Asia’s next revolution

The Economist devotes this week’s cover, and its main leader, to a story about the expansion of social protection in Asia. One of the main unsung tales of the last ten years has been the massive development of social protection in developing economies like South Africa, Mexico, India, Indonesia, China and Brazil – Barrientos and Hulme call it a “quiet revolution”. The Economist article focuses mainly on health care, and Asia has come late to the party. The Economist is probably right to argue that “every country that can afford to build a welfare state will come under mounting pressure to do so.” But then, I would say that: I have argued the case in The Welfare State (Sage, 2000) and some other papers.

The Economist’s leader does, however, make a common mistake. They write: “Europe’s welfare states began as basic safety nets. But over time they turned into cushions.” They didn’t begin that way, and they haven’t finished that way either. The origins of many welfare states lie in the development of solidarity and the mutuals; the state became involved much later. See Peter Baldwin’s book, The politics of social solidarity, Cambridge University Press 1990. The extension of health care, which they focus on, is essential to the maintenance of any modern labour force.

It was the English Poor Law that began as a safety net. The accusations that the British system had become excessively generous can be dated back to the criticisms of the monasteries before the Reformation, but it became a regular part of complaints about welfare from the mid-18th century onwards; it continued in the accusations that workhouses had become ‘pauper places’; and it continues now in the assertion, contrary to all the evidence, of generations who have ‘never worked’. The system is neither generous at an individual level, nor collectively unaffordable. There is extensive evidence of the relationship of welfare to economic performance: there isn’t one. See A B Atkinson, 1995, The welfare state and economic performance, in Incomes and the welfare state, Cambridge University Press, and the entry on my website.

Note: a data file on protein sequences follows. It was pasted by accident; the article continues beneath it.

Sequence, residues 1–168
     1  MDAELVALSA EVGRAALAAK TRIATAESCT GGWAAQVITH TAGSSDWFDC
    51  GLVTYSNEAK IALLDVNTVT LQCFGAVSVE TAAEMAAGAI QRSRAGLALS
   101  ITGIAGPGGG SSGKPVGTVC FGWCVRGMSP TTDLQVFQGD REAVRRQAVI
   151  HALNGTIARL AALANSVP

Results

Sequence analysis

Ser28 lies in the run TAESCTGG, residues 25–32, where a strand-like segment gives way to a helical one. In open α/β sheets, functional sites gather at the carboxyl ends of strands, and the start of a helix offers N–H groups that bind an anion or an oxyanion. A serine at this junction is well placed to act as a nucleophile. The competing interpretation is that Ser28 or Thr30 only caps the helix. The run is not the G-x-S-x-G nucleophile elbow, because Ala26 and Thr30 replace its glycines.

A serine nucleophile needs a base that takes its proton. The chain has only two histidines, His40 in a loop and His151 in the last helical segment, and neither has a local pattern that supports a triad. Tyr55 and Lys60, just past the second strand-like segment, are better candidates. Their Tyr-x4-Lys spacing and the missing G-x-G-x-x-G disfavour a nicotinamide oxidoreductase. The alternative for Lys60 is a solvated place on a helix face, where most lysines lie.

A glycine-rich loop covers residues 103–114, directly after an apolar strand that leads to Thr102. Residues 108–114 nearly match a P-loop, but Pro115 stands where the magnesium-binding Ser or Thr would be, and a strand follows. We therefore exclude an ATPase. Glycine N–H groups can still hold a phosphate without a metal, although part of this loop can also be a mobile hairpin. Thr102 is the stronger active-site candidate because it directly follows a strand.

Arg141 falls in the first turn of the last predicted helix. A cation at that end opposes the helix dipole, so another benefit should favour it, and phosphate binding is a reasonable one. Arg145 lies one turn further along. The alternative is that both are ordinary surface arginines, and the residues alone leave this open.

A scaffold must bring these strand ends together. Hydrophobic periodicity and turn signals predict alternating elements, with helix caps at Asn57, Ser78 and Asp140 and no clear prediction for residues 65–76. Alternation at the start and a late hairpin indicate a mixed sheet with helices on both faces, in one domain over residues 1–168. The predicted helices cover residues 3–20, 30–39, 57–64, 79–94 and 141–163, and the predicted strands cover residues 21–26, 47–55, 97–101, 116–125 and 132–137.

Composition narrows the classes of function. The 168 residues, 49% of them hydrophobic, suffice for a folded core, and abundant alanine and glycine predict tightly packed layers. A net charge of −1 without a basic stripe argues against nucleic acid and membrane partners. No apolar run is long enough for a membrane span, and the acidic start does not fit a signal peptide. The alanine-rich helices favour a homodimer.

Poverty, democratic governance and poverty reduction strategies

I have given a presentation today at an International Symposium in Istanbul, Turkey, organised by Fatih Sultan Mehmet Vakif University and Sosyal Politikalar Dernegi.  The argument was this:

The Poverty Reduction Strategy Papers have become a significant experiment in world governance.  Poverty is a complex, multidimensional phenomenon, and responses to poverty need to be adapt to a wide range of circumstances.  In the belief that deliberative democracy is the route to prosperity, international organisations have directed governments around the world to undertake a process of strategic planning, based on participative development and negotiation of policy with stakeholders. However, the emphasis in the PRSPs seems to have fallen more on the methods they use than the substance of the strategies.  Democracy is not valued only for its process; it matters what it achieves.   If PRSPs are to help the poor, they need to extend their focus, moving beyond procedural issues towards substantive policies that stand to benefit the poor.

Here is a copy of the slides and a copy of the paper.

Symposium in Istanbul

Good news from Africa

This table is drawn from a recent study looking at the fall of mortality in Kenya. It points to a general trend: across Africa, more children are surviving.

Under 5 mortality (per 1000 live births)
Previous studies (1998-2007)

Most recent study (2005-2009)

160 (2001)

125 (2006)

166 (2000)

124 (2005)

111 (2003)

80 (2008)

115 (2003)

74 (2009)

110 (2007)

114 (2009)

94 (2004)

72 (2009)

229 (2001)

191 (2006)

62 (2000)

69 (2007)

274 (1998)

198 (2006)

201 (2003)

157 (2008)

152 (2005)

103 (2008)

121 (2005)

85 (2009)

147 (1999)

112 (2005)

152 (2001)

128 (2006)

168 (2002)

119 (2007)

102 (1999)

83 (2006)

Stephen Radelet, in Emerging Africa?, claims that the factors behind this improvement are

  • “more democratic and accountable governments
  • more sensible economic policies,
  • the end of the debt crisis and major changes in relationships with the international community
  • new technologies that are creating new opportunities for business and political accountability, and
  • a new generation of policymakers, activists, and business leaders.”

There are problems – such as the recent (hopefully short term) increase in mortality in Liberia. But the trend is clear, and it is very good news indeed – especially for those who are concerned about population increase, because there is a clear and strong association between infant survival and the number of children a woman must have.